Saint-Florent on the island of Corsica appears in my books under a different name.
A sense of place in fiction is very important to me, both in my own work and in the novels I read. Some of my favourite authors, such as Hannah Kent, Helen Dunmore and Tracy Chevalier, excel at weaving the setting seamlessly into the story. Novels are about people, of course, but they are the product of their environment and culture, so the setting is an indispensable part of the story.
But should you write about real places or make them up? There is no right answer. Both of those alternatives have pros and cons.
It’s always a pleasure to welcome my friend and fellow author Jennifer C. Wilson to the blog. Jen specialises in writing “historical fiction with spirit” that speculates on what’s happened to the ghosts of well-known historical figures since their own era. She’s about to launch an addition to the Kindred Spirits series, in which the ghosts are based in famous historic places. This time it’s York. I’ll let her tell you more about it. Continue reading →
Have you read The Corsican Widow yet? If not, for a limited time, you can enter this autumn giveaway to win the book plus 25+ other Book Club Fiction novels from a great collection of authors, including Patricia Sands, Kate Braithwaite and Laura Bradbury.
In this contest organised by BookSweeps, there’s also a chance to win a brand new eReader – along with a collection of FREE reads just for entering.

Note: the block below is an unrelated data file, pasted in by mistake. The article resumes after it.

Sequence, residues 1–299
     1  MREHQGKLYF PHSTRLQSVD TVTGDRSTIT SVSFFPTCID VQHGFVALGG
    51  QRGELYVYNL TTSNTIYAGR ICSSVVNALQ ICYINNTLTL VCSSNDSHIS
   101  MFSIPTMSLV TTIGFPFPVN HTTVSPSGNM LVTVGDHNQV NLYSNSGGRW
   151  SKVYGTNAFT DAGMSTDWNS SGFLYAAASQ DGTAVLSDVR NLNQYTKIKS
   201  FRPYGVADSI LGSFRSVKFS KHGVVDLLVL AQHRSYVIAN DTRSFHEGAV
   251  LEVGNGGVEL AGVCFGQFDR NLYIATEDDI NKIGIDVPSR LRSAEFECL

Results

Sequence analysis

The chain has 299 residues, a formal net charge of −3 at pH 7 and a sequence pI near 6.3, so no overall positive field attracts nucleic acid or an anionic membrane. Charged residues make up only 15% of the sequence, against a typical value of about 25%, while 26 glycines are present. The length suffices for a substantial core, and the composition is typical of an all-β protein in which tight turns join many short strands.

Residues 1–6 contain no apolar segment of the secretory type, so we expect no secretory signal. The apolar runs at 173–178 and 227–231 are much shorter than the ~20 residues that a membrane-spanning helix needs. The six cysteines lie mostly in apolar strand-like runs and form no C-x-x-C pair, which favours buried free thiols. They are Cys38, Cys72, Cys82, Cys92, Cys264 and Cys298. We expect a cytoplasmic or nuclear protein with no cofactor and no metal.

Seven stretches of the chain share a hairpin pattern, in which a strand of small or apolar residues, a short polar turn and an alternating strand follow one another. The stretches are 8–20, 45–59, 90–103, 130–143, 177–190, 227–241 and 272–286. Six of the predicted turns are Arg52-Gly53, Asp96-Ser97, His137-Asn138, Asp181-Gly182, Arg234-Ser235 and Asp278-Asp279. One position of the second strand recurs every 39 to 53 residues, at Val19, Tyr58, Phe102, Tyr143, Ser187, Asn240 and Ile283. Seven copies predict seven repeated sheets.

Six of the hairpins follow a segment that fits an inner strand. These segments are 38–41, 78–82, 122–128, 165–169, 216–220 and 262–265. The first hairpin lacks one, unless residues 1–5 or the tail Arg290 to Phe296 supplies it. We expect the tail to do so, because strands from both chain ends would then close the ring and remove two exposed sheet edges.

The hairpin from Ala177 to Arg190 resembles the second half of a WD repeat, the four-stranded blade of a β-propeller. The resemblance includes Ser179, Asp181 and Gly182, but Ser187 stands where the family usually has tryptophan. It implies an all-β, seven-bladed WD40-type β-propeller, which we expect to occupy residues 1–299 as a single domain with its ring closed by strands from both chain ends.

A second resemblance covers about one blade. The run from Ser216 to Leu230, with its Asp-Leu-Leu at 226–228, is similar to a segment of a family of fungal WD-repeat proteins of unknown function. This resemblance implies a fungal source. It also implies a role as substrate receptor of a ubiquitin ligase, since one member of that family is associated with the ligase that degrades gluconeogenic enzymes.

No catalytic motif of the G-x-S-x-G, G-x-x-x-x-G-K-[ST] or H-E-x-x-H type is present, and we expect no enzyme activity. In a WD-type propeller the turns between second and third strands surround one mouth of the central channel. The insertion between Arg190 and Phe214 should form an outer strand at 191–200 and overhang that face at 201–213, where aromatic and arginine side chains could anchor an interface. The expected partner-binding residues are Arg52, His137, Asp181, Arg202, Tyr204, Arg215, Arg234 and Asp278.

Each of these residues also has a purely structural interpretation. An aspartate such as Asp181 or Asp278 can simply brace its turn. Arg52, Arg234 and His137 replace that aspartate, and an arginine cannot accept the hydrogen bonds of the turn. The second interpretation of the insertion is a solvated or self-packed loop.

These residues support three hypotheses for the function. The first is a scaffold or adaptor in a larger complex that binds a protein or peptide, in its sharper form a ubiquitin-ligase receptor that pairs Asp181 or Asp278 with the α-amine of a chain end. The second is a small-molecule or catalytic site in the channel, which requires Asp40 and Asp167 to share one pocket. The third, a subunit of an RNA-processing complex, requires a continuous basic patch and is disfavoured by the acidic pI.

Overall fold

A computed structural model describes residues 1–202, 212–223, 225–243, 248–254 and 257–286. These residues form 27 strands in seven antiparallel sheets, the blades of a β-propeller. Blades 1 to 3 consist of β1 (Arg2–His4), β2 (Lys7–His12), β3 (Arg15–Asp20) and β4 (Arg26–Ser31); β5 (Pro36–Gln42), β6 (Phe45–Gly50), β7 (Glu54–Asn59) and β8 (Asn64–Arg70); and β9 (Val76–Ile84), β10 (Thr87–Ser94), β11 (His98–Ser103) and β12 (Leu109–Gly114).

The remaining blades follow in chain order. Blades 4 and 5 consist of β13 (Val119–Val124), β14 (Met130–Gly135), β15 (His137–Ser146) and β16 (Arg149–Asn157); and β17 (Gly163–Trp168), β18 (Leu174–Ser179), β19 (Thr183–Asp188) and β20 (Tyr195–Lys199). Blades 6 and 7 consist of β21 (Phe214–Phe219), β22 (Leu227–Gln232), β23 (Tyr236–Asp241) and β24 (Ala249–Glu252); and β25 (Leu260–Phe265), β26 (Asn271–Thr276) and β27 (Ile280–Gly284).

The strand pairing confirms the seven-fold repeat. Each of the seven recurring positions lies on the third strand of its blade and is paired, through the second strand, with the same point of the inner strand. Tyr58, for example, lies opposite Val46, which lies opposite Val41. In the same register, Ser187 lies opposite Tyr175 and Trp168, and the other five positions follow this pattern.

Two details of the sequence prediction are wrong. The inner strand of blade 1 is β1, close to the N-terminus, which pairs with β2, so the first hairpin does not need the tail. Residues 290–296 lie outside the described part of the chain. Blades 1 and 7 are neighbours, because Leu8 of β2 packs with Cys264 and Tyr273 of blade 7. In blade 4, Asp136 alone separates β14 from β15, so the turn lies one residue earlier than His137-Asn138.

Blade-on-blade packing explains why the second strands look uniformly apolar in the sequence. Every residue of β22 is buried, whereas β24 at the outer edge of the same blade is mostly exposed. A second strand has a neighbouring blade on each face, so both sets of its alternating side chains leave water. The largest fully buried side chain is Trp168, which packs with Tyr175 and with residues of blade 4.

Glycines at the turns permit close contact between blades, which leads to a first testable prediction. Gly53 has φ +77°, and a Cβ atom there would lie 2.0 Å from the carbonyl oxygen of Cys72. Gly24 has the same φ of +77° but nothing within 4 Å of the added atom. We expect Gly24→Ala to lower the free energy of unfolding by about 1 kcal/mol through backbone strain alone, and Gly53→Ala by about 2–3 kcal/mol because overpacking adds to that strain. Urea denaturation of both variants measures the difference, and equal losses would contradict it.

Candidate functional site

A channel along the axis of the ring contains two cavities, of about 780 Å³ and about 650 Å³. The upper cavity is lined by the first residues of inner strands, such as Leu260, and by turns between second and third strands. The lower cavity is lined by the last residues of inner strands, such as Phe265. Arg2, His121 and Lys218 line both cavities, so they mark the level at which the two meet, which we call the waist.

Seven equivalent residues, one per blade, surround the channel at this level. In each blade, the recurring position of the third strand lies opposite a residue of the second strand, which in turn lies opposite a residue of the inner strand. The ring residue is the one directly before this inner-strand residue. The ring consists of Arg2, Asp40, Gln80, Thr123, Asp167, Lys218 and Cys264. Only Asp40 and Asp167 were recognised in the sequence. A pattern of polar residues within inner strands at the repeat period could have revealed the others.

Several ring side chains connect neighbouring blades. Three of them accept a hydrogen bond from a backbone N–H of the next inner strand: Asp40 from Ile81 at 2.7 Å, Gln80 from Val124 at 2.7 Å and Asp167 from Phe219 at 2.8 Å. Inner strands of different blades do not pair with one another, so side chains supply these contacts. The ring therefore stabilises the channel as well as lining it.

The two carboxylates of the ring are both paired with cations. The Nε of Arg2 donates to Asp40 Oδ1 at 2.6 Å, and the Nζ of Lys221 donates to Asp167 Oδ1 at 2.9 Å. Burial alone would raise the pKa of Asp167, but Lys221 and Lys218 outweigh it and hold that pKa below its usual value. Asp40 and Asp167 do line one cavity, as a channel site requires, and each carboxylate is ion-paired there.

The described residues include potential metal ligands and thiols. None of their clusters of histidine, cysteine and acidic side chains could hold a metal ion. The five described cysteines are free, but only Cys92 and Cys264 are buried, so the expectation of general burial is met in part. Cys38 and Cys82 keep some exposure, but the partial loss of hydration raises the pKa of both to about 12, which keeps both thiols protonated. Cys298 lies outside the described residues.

My second novel in the Tales of Corsica series, The Corsican Widow, is taking part in an Amazon Kindle Countdown deal today and over the weekend. *Please note that this applies only to the US and UK Kindle stores.* It will remain at the full price in other Kindle stores.
The countdown starts today at 8 am in the UK and at 3 am PST/6 am EST in the States.
The book will be reduced from the full price of £2.99/$3.99 to 99p/99c, rising to £1.99 or equivalent on late Saturday and Sunday and then back to the full price on Monday 19th November.
The Tales of Corsica novels are stories set on the beguiling island of Corsica. They are linked by being set in the same house in the fictional village of Zaronza.
In The Corsican Widow, Valeria Peretti must marry a wealthy man twice her age whom she doesn’t know. She is later accused of a serious crime she didn’t commit. Friendless and isolated, can she escape from her enemies and make a new life?
“But now, for the first time, I see you are a man like me. I thought of your hand-grenades, of your bayonet, of your rifle; now I see your wife and your face and our fellowship. Forgive me, comrade. We always see it too late. Why do they never tell us that you are poor devils like us, that your mothers are just as anxious as ours, and that we have the same fear of death, and the same dying and the same agony–Forgive me, comrade; how could you be my enemy?”
Erich Maria Remarque, All Quiet on the Western Front
“We stood around for a bit, smoking and taking the occasional pull from the bottle. A couple of their men spoke English but no one said much. We were just a group of lads hanging about. We could have been anywhere. That’s what struck me. These Fritzes were ordinary people with parents, sisters, brothers, wives, sweethearts back home. Just like us. Exchange uniforms and you wouldn’t have noticed the difference. And yet up till now we’d been trying to thump each other into the ground. It made me think.”
Open any guidebook about Corsica and you’re likely to come across a picture of this exquisite Romanesque church in Murato. Prosper Mérimée, who was Inspector of Public Monuments, said in 1839 that it was “the most elegant and the most attractive church he had come across on Corsica.” We visited the site in 2014 and I heartily agree with him. Continue reading →